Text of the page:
Condo InsurancePosted by Karen Bennett on April 10, 2022 at 9:16 am
More and more Condominium Corporations are experiencing difficulty in obtaining proper insurance (Part 6 Condominium Property Regulation). Deductibles are climbing. The Alberta government permits deductibles up to $50,000.00 and insurance companies are now submitting quotes or proposals using that deductible limit. Insurance companies are making it known to Condos that any claims may result in non-renewal of policies or huge increases (over 100%) to annual premiums. In recent years our premiums have increased three fold! Some time ago there was a movement in Saskatchewan to establish a “Condominium” owned self insurance corporation. They stated they needed 500 members to make such a venture viable. Has anyone heard any more information on this or does anyone have any input that may help us with insurance in the near future?
MemberApril 10, 2022 at 9:18 am
There is a lot of work going on in the insurance area Ron. Our COF Director Jeremy Dalgliesh is sitting on a multi-stakeholder group that has been meeting monthly.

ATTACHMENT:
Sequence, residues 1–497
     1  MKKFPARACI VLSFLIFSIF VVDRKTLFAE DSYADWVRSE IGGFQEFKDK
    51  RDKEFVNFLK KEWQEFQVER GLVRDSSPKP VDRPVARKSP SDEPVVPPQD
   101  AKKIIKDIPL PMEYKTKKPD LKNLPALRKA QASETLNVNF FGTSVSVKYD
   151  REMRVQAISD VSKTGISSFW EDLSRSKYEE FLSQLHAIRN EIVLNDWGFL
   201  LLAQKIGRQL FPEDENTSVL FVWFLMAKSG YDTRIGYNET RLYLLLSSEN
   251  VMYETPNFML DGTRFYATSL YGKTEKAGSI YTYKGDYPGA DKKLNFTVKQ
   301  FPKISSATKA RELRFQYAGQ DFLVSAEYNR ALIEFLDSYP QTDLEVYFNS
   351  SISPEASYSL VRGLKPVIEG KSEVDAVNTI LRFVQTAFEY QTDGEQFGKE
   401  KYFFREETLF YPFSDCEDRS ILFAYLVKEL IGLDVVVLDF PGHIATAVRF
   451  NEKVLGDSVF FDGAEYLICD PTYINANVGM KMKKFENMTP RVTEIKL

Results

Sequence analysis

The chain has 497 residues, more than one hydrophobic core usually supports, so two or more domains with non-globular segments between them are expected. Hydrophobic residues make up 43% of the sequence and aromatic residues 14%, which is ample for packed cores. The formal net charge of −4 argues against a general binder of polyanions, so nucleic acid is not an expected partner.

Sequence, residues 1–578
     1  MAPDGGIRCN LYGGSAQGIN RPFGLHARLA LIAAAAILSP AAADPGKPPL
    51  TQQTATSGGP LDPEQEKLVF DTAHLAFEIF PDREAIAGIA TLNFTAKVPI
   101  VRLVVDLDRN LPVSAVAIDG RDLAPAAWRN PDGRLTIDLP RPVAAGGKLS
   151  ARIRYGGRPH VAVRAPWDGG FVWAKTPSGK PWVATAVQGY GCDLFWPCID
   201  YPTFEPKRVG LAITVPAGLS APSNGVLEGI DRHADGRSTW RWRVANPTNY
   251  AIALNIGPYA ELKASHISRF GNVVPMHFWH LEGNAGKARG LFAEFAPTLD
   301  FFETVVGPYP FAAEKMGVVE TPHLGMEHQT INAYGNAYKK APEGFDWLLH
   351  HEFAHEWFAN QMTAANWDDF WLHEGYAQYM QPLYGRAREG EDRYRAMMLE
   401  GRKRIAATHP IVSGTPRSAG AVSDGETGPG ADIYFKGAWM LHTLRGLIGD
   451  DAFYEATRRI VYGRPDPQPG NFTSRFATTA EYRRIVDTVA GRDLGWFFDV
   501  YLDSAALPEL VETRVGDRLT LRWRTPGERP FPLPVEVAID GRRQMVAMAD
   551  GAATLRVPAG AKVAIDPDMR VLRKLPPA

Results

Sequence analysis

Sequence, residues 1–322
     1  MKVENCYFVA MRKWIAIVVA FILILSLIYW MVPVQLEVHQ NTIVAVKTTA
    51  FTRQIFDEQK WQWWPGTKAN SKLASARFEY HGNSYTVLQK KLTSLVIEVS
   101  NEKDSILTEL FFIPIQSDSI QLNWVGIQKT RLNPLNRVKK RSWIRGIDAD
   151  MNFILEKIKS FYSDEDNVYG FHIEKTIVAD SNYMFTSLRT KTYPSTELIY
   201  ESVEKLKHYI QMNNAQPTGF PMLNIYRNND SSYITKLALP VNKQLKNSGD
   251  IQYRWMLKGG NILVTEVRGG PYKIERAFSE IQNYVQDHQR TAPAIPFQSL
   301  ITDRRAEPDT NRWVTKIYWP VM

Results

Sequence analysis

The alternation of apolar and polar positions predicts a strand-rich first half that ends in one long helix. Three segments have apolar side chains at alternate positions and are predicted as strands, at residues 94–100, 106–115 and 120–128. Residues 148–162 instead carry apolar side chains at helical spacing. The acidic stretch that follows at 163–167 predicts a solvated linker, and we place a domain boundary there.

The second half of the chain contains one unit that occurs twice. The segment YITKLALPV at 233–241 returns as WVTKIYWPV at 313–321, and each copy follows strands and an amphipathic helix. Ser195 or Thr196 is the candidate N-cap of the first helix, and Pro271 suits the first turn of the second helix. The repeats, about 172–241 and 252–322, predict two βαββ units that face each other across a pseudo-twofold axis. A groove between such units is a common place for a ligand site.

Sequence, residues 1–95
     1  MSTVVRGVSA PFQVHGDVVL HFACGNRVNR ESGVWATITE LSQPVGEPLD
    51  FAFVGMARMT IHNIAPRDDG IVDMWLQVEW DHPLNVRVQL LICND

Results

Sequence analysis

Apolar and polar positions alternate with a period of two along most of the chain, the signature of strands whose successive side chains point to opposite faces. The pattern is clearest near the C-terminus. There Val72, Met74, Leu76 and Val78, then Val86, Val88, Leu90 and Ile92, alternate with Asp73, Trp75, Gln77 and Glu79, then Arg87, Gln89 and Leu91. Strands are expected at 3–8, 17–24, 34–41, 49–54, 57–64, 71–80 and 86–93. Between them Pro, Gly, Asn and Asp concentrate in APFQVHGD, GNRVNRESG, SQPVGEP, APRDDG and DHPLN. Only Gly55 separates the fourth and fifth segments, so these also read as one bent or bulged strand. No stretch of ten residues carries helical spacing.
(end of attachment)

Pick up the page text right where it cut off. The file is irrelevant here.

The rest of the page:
Watch for a new survey of Alberta condo owners in an upcoming COF newsletter that will help the multi-stakeholder group get feedback.
YES: we are well aware of the initiatives from Saskatchewan to explore a self-insuring cooperative. The problem: You need a world-wide base to adequately diversify the risk. For example, a coop could not have withstood the Fort MacMurray fire; when the envelope issues hit the lower mainland of BC the warranty insurance program failed.
We have to recognize that our management of condos is part of the issue.
Did you know
- Many insurers were paying out over 100% of premiums to cover claims?
- 60% of insurance claims are from water in apartments – many caused by poor maintenance?
- Alberta has been the location for 7 of the 10 largest insurance claims in Canadian history?
- Climate change has led to more intense storms world wide?
This is not an easy issue.
It IS a priority for COF.
MemberApril 10, 2022 at 9:20 am